Marvel. Exclusive. Jason Aaron.


Damn, DC/Vertigo, why'd you let this one get away.

I've had this feeling before. It feels like deja vu and much like in June 2002, it sees Vertigo at a crossroads and an emerging talent gone to the other side.

What DC work have we seen from this man? In July, we get a one-off Penguin story.

It resembles when Brian K. Vaughan wasn't offered Batman full-time and instead went to Marvel and created Runaways?

It feels like when Brubaker went Marvel and became a breakout star.

Vertigo develops writers and has inadvertently become a farm team for Marvel, where they go off and sell comics in the tens of thousands.

That old feeling? Oh yeah, I know what it is.

It feels like Vertigo.

Part Two of "The Ones That Got Away" and how DC Comics and Geoff Johns plays into all of this next week...

Tuesday, April 22, 2008

A Tale of Two Johns

Actually… I’m only going to talk about one Johns… one Geoff Johns to be exact. More to the point, I’m going to talk about why his writing confuses the hell out of me. His writing is good, prolific, consistent, generally in character, and it might just be indicative of the very trends that are killing superhero comics.

On the one hand, Johns gives the readers and collectors so much of what they want. Lately, he tends to write characters that are in sync with their mainstream tradition and continuity. Whether or not you like his stories, you rarely read a Johns story and have those obnoxious fanboy thoughts like, ‘wow, Superman would not do that.’

His run on Green Lantern has been incredible, and the whole Sinestro War saga was one giant orgy of awesomeness that made fanboys and fangirls scream ‘Holy geez, this is what I’ve been waiting years to read!’ His run on JSA appeals to fans of all the JSA mainstays as well as to anyone who likes the fan-favorite Elsewords tale ‘Kingdom Come’. The ‘Superman and the Legion of Super-Heroes’ arc in Action Comics was a nice breath of fresh air for fans of the pre-Zero Hour Legion, and didn’t bore people to tears like ‘The Lightning Saga’.

Yes, fellow fanboys, Geoff Johns gives us everything we want. And that’s the biggest problem with Geoff Johns. He represents everything that makes superhero comics continuity heavy, inaccessible, and fundamentally alienating to the new or casual reader.

Let’s be honest: Comics are a huge frakkin commitment. Even if you only pick up a few books a week, you know deep down that you spend time on Wikipedia trying to piece together the bits of minutiae and continuity that are piled high in the monthly superhero book. And while the average geek, myself included, actually enjoys that kind of stuff, it annoys most people. Even the most convoluted of serialized fiction in other media doesn’t require the depth of historical background it takes to understand the ‘Sinestro Corps War.’ Even a child could explain the finer points of ‘Lost’ in a few minutes. It’ll take a bit longer to explain why that Daxamite has a huge glowing green worm inside him… or to explain what a Daxamite is for that matter.

The greatest threat to superhero comics is their relegation to status as collectors’ items rather than literature. Sure, the characters live on in TV, film, and cartoons, but I believe that superhero comics could once again be a bastion of mainstream all-ages entertainment and myth-building. But at present, most of them are, at worst, publicity stunt crossovers and events that get stuck in collectors’ long boxes while they wait for money day. At best, they’re Geoff Johns style fan fiction. And neither of those things is something a casual or new reader could pick up and enjoy without completely geeking out.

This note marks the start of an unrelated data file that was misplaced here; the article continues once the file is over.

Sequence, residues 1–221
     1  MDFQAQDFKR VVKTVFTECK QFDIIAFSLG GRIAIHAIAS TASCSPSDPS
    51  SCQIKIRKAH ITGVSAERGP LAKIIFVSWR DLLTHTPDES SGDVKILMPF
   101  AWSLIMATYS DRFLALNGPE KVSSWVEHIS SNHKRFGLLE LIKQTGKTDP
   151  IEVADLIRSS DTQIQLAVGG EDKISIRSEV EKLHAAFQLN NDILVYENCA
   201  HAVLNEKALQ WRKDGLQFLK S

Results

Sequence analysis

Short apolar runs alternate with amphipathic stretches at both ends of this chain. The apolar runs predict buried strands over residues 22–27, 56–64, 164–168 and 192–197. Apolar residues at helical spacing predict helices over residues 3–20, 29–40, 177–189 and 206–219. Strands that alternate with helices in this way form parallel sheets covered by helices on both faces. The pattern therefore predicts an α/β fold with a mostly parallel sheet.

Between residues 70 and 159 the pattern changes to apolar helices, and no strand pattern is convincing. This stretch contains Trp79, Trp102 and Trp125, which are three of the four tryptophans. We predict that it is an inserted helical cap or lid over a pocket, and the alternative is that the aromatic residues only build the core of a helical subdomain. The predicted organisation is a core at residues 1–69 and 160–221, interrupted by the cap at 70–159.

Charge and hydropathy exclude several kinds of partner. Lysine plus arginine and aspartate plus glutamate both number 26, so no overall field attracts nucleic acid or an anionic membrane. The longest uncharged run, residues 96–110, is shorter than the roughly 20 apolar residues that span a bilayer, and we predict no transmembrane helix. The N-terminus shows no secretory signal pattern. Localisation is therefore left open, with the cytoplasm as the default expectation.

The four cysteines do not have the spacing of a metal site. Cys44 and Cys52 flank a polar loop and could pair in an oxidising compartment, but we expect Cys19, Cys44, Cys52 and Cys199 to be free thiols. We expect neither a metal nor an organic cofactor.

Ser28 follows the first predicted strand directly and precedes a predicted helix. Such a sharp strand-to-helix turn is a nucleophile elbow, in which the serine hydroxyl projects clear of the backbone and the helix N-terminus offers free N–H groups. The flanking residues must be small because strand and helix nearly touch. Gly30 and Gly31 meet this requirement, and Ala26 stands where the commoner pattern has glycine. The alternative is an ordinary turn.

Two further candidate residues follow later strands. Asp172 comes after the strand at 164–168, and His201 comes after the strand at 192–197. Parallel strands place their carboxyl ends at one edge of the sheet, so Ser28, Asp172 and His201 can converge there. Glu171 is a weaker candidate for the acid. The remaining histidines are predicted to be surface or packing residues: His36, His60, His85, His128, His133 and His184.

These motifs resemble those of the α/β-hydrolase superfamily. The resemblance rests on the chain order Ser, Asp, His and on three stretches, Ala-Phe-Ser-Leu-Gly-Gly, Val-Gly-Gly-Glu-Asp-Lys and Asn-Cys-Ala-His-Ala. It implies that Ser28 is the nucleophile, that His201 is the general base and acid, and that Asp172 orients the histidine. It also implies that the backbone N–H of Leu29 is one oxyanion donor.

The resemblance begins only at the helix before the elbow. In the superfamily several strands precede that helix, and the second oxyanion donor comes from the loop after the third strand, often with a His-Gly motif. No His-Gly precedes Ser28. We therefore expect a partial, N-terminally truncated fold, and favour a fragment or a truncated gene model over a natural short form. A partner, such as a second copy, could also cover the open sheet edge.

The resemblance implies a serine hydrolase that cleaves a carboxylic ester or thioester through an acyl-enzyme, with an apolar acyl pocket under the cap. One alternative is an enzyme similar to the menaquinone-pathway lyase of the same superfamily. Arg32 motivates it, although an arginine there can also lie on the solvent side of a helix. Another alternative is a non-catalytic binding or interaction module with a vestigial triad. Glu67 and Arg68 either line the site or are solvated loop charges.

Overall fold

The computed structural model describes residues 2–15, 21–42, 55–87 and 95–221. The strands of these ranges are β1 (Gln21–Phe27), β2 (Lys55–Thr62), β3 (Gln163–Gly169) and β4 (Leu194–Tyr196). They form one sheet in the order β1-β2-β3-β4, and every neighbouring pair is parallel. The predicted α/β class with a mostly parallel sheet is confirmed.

I’m picking on Johns at the moment, but we all know that even our favorite writers, from Simone to Morrison, are guilty of the great sin of superhero comics: They write books for themselves. They write the comics they’d want to read, full of sex, violence, and nigh incomprehensible references to ages-old continuity. DC and Marvel shouldn’t need to keep launching separate imprints to market to new readers and kids. The whole genre needs to be accessible to these groups, because the 20, 30, and 40 somethings stuffing bagged and boarded copies of ‘One More Day’ and ‘Secret Invasion’ into their long-boxes won’t be around forever.

Monday, April 21, 2008


It was a time of great peril. Blackest Night has fallen on the Blogverse. People armed with anger, dissatisfaction and annoyance fly the digital skies preying on the anger , dissatisfaction and annoyance of others. Into this tumultuous setting comes three heroes, beacons of..

Wait, hold on. This is ridiculous. That's what I get for asking Don LaFontaine to write the opening. Let's try this again.

A few months back Devon of Seven Hells, Mike P. formerly of Are You Feelin' Big Mike, Jon Carey of Facedown in the Gutters, and I were sitting around lamenting how stagnant our blogs were getting. I mean, I left a post with just the cover of Countdown Arena #3 up for three months and never quite recovered. So after many rounds of Miller High Life (it's the champagne of beers) we decided that a new blog, one that combined the power of our minds was a perfect idea.

"Just think," I yelled. "With my Crazy 88s, Devon's Seven Hellolics, all those people living in gutters, and the three people who read Mike P.'s blog we will already have a brilliant readership."

And so joining hands over the platter of soft tacos on the table before us (this part is totally true) we pledged to write a blog that didn't piss and moan, that expressed our love for the wonderful medium of comics, to call foul when a book deserves it and praise a book when it is awesome.

Thus Second Printing was born.

To celebrate this momentous occasion I ask all you new Second Printing readers:

What is your top five favorite comic moments of all time?